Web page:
The standard definition of psychopath is:
Notice that each definition of psychopath refers to "antisocial" and the inability to feel certain emotions. So what's the link?
Imagine if you never felt guilt, or embarrassment, or remorse for anything you did, ever! And there is no emotional attachment to other people and their emotions have no effect on you. In other words, you have no "conscience", no inner policeman telling you what you should and should not do. And never any regrets either.
What could you do? More importantly, what could you not do? The range of possibilities is endless. You would just go for what you want, regardless of anybody else. You would take what you want, treat people the way you want, manipulate them or abuse them simply for the sake of dominating them.
'Socializing' emotions are those that allow society to function well, with benefits for all concerned. For example, empathy, love, guilt, shame, remorse. Having these emotions means that we treat others well, we treat them fairly and we look out for and help others. If you lacked these socializing emotions, of course your behavior would be antisocial!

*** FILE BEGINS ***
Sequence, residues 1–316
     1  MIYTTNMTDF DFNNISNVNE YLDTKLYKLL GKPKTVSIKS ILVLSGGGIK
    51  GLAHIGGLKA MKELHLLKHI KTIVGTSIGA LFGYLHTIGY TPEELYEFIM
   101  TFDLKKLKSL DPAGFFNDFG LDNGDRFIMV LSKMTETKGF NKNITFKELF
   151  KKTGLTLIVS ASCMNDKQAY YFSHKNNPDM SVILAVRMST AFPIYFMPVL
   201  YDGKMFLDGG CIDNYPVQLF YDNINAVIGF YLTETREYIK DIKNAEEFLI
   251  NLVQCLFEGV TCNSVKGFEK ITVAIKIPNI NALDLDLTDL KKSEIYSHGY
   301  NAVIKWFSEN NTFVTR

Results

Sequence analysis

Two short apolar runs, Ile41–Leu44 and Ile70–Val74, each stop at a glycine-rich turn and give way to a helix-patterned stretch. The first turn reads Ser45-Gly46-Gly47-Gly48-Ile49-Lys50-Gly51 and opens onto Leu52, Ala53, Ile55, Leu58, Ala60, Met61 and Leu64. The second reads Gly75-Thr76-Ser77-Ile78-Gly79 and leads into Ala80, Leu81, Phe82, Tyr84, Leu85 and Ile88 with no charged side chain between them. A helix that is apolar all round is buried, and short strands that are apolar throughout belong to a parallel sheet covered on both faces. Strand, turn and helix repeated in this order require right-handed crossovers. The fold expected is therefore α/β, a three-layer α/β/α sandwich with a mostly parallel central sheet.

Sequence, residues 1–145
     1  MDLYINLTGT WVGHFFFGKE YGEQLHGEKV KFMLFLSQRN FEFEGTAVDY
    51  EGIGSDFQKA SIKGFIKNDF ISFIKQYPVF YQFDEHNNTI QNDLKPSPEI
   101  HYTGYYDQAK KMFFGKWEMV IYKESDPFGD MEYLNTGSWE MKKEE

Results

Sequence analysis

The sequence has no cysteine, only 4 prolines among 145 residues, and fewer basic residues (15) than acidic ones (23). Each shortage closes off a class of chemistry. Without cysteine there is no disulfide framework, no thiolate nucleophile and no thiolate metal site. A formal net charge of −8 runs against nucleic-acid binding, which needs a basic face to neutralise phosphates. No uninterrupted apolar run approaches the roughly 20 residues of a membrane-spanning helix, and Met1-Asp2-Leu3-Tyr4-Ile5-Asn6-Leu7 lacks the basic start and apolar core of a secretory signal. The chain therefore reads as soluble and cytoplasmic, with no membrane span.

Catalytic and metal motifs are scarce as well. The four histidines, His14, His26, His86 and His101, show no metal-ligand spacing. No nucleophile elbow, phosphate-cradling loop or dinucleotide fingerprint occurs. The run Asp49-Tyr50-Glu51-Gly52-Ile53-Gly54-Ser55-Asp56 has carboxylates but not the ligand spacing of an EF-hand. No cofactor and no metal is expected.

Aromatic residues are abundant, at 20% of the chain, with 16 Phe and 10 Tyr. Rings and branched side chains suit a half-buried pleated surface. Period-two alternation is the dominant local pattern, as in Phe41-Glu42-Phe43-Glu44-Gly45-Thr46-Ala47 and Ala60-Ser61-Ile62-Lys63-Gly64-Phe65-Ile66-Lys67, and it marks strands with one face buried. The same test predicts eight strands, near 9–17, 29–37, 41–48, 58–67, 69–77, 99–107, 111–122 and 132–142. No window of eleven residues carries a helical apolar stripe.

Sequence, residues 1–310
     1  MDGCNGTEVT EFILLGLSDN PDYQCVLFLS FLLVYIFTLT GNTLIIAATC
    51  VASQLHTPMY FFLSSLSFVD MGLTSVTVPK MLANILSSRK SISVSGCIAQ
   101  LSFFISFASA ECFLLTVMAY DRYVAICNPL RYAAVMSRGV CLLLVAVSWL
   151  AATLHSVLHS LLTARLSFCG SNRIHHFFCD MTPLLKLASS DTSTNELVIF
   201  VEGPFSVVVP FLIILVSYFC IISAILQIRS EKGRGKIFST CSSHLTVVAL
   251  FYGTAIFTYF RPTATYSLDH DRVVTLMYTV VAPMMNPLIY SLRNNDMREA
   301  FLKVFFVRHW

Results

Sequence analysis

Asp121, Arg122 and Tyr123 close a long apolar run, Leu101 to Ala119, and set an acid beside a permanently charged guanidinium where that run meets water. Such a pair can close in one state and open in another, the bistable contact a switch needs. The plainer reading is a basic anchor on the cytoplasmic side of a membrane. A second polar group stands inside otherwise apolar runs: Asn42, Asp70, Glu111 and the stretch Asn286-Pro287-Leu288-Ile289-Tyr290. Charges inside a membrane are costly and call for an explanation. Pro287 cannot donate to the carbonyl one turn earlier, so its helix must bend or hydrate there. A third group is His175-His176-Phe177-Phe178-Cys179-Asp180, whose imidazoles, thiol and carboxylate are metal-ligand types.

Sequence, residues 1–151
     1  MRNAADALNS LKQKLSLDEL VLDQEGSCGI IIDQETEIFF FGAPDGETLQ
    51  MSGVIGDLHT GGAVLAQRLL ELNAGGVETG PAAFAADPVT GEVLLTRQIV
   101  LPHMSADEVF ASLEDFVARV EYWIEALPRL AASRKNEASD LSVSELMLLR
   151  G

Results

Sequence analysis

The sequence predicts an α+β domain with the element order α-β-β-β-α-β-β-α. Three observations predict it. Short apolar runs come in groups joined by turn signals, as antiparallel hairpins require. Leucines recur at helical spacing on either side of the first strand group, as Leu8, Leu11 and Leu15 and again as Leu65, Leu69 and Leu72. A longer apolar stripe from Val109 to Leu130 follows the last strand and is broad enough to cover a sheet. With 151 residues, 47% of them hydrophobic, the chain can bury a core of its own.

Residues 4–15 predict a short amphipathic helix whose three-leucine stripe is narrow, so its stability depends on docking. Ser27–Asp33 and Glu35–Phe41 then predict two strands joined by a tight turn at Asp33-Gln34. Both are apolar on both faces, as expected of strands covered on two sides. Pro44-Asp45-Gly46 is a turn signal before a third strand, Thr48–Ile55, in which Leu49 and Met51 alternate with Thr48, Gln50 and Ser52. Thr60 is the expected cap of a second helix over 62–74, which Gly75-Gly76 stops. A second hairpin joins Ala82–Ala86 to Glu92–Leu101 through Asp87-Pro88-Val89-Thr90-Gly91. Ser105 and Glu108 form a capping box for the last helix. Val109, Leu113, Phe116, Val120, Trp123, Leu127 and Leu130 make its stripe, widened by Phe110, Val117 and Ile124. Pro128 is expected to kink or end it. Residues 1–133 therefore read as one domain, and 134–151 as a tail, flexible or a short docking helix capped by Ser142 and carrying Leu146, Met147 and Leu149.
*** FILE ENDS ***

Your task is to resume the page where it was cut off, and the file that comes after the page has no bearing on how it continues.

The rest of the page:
This idea is practically impossible for most normal people to understand. And this is what makes the psychopath so dangerous and why it is often difficult to recognize a psychopath. Normal people are not expecting others to be evil or deliberately doing harm, and so they justify the initial bad behaviors of the psychopath. They give them the benefit of the doubt, and this is something you can never do with psychopaths.
The decision making of people who fit the definition of psychopathy is very different from yours or mine. They can decide to do things that we would never do. For example, if they were making the decision to steal somebody's money, or sexually abuse them, or manipulate them into doing something against their beliefs, they would have the same emotion as when they're deciding about what to watch on the television!
Psychopath, sociopath and antisocial personality disorder are often used interchangeably. Even in the definition of psychopath above one is used to describe the other. However, some people consider that there are differences, but among lay people (and even some professionals) psychopath is often used interchangeably with sociopath. They are thought to be the same thing.
No definition of psychopath will typically list all the characteristics of the psychopath. In his book "The Mask Of Sanity" (1941) Harvey Cleckley lists 16 characteristics. However, Robert Hare's psychopathy checklist is commonly used today for diagnosis. This is a complex clinical tool used by professionals to examine the characteristics of an individual to determine if they have a sufficient number of the symptoms to warrant a label of psychopath.